16. 16. Pres. Calvin CoolidgePres. Calvin Coolidge Harding’s death in 1923Harding’s death in 1923 brought Coolidge to thebrought Coolidge to the presidency.presidency. In 1924, Americans voted toIn 1924, Americans voted to Coolidge’s businessCoolidge’s business policy was laissezpolicy was laissez faire :faire : Between 1921and 1929Between 1921and 1929 the output of industrythe output of industry nearly Doublednearly Doubled “Keep cool with Coolidge”
  17. 17. BUSINESS – FRIENDLYBUSINESS – FRIENDLY GOVERNMENTGOVERNMENT  Calvin CoolidgeCalvin Coolidge  ““The business ofThe business of America is business”America is business” President CalvinPresident Calvin CoolidgeCoolidge Coolidge throwing out firstCoolidge throwing out first
  18. 18. ““Silent Cal”Silent Cal” The business of America is…. BUSINESS!!!!
  19. 19.  The new president,The new president, Calvin CoolidgeCalvin Coolidge , fit, fit thethe pro-businesspro-business spiritspirit of the 1920s very wellof the 1920s very well  His famous quoteHis famous quote :: “The chief business of“The chief business of the American peoplethe American people is business . . .theis business . . .the man who builds aman who builds a factory builds afactory builds a temple – the man whotemple – the man who works there worshipsworks there worships there”there” President Calvin Coolidge 1924-1928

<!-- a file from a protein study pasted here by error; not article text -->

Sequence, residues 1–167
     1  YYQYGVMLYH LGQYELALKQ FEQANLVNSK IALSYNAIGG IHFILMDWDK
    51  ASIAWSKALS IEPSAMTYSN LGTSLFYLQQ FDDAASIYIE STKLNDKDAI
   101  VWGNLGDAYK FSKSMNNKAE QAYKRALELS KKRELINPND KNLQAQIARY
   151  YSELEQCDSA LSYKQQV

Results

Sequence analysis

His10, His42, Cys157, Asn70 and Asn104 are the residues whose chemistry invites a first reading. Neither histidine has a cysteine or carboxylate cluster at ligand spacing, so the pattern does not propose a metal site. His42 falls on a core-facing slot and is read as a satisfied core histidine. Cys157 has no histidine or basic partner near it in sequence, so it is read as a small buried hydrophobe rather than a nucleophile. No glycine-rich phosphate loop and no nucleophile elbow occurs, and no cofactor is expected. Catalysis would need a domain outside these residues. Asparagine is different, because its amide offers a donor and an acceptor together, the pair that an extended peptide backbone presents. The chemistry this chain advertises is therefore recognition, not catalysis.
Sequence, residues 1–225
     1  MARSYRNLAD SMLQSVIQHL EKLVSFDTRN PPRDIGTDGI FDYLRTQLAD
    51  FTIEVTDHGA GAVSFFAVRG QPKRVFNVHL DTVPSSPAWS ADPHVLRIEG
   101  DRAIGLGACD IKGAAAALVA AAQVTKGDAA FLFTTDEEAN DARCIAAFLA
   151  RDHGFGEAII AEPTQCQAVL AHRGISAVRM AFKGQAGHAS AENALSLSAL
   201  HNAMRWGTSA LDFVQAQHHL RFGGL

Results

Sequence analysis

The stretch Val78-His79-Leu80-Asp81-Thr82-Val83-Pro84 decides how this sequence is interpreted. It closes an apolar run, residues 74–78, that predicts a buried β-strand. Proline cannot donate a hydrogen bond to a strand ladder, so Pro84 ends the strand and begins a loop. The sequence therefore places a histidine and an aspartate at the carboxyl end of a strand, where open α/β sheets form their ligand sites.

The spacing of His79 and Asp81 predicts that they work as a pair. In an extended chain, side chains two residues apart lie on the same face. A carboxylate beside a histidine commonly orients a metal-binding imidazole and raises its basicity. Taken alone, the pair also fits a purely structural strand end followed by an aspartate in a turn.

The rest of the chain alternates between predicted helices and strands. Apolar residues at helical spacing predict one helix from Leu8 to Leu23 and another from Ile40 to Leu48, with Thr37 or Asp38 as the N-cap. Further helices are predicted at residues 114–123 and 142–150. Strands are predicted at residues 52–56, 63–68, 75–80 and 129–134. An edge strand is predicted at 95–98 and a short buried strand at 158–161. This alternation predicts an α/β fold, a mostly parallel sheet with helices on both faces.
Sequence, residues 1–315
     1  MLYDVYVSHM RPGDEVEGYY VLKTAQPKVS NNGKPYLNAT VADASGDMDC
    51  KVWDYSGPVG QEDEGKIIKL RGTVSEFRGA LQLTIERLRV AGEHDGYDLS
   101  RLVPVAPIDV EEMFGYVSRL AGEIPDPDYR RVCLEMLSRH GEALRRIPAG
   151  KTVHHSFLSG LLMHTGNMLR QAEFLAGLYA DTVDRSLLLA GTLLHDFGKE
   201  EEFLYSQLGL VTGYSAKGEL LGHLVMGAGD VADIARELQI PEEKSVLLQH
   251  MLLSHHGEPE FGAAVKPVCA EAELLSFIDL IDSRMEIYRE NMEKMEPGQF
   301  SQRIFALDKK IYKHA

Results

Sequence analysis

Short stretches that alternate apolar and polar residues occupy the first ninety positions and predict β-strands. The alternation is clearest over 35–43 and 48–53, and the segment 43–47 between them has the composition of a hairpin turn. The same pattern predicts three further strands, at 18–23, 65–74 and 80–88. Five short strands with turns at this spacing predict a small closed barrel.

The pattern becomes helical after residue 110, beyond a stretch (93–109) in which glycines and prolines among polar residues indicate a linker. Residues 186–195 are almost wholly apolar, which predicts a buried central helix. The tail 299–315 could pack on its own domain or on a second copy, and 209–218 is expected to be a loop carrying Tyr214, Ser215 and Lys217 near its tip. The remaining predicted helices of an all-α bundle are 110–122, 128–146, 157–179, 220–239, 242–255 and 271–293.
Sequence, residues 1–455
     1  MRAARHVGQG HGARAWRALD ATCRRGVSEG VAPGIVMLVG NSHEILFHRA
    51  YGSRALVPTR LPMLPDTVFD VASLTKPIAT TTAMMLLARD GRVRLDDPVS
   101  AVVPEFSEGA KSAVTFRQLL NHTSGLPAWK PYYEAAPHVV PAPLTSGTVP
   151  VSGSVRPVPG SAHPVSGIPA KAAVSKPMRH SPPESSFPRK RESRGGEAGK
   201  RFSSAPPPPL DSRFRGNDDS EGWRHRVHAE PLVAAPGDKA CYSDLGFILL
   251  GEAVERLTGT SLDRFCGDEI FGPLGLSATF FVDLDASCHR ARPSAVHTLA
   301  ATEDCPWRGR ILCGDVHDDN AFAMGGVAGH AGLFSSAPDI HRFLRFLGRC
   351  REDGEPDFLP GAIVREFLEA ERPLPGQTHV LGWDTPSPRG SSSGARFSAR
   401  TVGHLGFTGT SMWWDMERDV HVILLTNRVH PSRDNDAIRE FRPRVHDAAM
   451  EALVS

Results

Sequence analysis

20. 20. Americans on the MoveAmericans on the Move  Urbanization stillUrbanization still accelerating.accelerating.  More AmericansMore Americans lived in citieslived in cities than in ruralthan in rural areasareas  1920:1920:  New York 5New York 5 millionmillion  Chicago 3 millionChicago 3 million
  21. 21. URBAN VS. RURALURBAN VS. RURAL  Farms started to struggle post-Farms started to struggle post- WWI.WWI.  6 million moved to urban areas6 million moved to urban areas  Urban life was considered aUrban life was considered a world of anonymous crowds,world of anonymous crowds, strangers, moneymakers, andstrangers, moneymakers, and pleasure seekers.pleasure seekers.  Rural life was considered to beRural life was considered to be safe, with close personal ties,safe, with close personal ties, hard work and morals.hard work and morals.  Suburban boom: trolleys,Suburban boom: trolleys, street cars etc.street cars etc. Cities were impersonal Farms were innocent